Wherever I lay my mat

Practice anywhere

With a yoga mat in tow, you can practice pretty much anywhere. That said, the shape of many rooms, certainly make it difficult, however, with some furniture removal, you’re certain to find a space big enough for a mat. Go outside if necessary. Maybe there’s a roof space or a garden somewhere.

The effects of long journeys can take their toll on every level of our being – the physical body, our mental state and our emotions, therefore it’s best to listen to your body and it will tell you what it needs. A vigorous practice after stepping off an overnight flight is not to be recommended, especially if you haven’t slept.

But some pranayama (breathing exercises) may be just the tonic. Breathing is fundamental to living. It is also the key to yoga – the union of the mind with the body. Breathe in and out of the nostrils, keeping lips gently closed, expanding the abdomen, ribcage and chest on the inhalation, relaxing them on the exhalation. Make inhalation and exhalation of equal length, long, deep and controlled. With each breath, observe the moment at the end of the exhalation, just before you draw in the next breath, and experience the stillness of body and mind.

Mindful breathing in itself can vastly improve health and wellbeing, allowing us to take control of our energy. This alone can help combat the energy loss and sleep deprivation associated with travelling. You can also practice this simple breathing exercise, before take off or landing, especially if you have a a fear of flying, or during long delays at airports. No mat required.

Below are some sample asanas or postures for the various stages of your journey.


Yes, your yoga practice can begin on the plane (no scoffing in the back seats, please). Most airlines now provide a guide to inflight exercises. Make the most of these, and do at least a few of them, since they will help to avoid some of the problems associated with long-distance travel.

Standing forward bend (Uttanasana)

Find a space somewhere on the plane where you can touch your toes, maybe at an exit door. From standing, bend knees slightly, and fold forwards from the waist, allowing the spine to gently lengthen, with the weight of the head hanging down to the ground. Keep your eyes closed, to avoid the funny looks you’re getting from the other passengers and the crew…After any period of time sitting in one place, it is a good idea to lengthen the muscles along the spine and in the legs, and get some extra blood flowing into the head. Just the action of standing up and walking around helps circulation and reduces the risk of deep vein thrombosis.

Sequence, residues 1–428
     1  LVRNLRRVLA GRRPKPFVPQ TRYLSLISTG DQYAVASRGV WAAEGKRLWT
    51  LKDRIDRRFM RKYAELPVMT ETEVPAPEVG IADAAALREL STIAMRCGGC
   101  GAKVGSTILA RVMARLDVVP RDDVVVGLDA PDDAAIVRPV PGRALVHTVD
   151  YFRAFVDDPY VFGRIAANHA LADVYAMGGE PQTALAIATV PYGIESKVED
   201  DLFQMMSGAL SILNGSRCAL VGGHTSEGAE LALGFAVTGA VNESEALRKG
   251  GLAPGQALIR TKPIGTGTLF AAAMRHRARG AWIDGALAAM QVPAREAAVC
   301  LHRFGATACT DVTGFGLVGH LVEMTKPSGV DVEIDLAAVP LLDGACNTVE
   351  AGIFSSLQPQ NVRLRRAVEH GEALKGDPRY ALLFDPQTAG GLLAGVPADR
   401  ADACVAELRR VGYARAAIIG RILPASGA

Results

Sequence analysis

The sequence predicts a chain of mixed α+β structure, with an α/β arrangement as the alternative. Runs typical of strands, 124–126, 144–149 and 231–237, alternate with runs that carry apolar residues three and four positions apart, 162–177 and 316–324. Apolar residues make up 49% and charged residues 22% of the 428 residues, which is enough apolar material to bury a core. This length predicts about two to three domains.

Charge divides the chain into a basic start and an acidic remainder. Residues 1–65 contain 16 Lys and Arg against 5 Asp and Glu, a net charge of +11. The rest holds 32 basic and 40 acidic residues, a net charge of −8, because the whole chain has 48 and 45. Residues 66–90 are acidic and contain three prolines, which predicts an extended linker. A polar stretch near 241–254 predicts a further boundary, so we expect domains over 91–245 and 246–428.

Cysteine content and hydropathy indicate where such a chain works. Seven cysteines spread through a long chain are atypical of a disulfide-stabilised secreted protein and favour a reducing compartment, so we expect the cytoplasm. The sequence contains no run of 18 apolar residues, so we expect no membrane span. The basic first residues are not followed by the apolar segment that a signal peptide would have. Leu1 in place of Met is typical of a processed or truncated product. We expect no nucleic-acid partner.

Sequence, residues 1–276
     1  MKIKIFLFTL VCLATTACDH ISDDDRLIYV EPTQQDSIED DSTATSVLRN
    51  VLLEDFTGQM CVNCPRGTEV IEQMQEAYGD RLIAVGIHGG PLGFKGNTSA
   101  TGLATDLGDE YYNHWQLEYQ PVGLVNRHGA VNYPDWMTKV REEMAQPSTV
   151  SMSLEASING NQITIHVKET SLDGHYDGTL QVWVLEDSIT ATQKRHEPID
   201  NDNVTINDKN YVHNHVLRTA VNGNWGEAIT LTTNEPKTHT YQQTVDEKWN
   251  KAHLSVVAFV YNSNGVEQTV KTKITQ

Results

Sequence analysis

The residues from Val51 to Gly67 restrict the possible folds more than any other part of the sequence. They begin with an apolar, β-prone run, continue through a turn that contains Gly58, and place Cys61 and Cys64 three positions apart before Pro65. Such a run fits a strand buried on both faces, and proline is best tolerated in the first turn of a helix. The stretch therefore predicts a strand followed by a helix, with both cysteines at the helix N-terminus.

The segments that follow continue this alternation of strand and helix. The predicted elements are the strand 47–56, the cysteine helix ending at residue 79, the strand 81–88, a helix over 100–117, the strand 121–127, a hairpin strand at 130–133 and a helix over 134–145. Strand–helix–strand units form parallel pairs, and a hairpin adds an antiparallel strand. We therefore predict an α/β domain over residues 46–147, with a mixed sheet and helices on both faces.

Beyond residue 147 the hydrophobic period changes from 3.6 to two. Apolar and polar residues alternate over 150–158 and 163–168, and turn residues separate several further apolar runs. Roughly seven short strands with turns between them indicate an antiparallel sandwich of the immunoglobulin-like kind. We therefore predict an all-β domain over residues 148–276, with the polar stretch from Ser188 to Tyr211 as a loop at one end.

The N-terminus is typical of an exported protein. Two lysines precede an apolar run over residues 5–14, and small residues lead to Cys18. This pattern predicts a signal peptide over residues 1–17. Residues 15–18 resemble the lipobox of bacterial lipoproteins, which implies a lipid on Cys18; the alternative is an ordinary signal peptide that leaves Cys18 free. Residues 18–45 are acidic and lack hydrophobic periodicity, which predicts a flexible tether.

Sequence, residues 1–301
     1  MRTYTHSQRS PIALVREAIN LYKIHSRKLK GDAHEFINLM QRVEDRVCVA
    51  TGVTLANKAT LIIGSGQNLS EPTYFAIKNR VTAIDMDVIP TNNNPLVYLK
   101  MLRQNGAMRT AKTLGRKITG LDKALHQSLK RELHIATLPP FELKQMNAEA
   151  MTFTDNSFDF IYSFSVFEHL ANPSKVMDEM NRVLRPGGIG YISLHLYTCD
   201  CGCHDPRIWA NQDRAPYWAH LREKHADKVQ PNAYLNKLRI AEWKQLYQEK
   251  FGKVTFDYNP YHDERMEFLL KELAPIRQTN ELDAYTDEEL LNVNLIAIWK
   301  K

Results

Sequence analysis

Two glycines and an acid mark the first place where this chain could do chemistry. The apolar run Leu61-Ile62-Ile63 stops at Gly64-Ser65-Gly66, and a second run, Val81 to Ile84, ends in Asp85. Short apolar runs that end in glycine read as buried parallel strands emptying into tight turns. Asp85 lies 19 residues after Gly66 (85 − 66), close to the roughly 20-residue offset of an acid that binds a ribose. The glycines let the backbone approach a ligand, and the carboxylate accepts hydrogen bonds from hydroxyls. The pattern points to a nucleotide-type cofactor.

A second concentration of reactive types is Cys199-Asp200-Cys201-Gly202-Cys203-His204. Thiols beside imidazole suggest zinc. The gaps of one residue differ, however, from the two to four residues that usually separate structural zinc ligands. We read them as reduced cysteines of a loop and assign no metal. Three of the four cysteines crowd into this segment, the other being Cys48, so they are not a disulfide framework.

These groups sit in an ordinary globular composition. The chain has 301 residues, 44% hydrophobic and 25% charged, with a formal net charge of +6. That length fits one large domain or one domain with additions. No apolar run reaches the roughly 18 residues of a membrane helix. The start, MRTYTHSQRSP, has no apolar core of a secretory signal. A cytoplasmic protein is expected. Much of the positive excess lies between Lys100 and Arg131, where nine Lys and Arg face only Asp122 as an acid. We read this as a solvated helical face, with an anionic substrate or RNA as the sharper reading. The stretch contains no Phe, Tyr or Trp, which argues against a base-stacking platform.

Rotations – ankles, wrists, neck (with care) and shoulders.

You can do these while sitting in your seat.

Coordinate your breathing with the movement, ie: inhale as you start the rotation, exhale as you complete the rotation. It is also helpful to close your eyes and visualise the joints as you move them, focusing on relaxing them as much as possible. Rotations keep the muscles supple and loosen the joints.

Seated twists

Also in the comfort of your seat, sit upright and keep your chin parallel to your seat back. Place your left hand on the right side of the right knee and use the pressure against the knee to twist to the right as far as you can, looking over your right shoulder. Take five to ten deep breaths in the posture and gently release. Repeat on the opposite side. Twists assist the efficient flow of energy along the central energy channel of the body, and therefore through the whole body.


Cat stretch pose (marjariasana)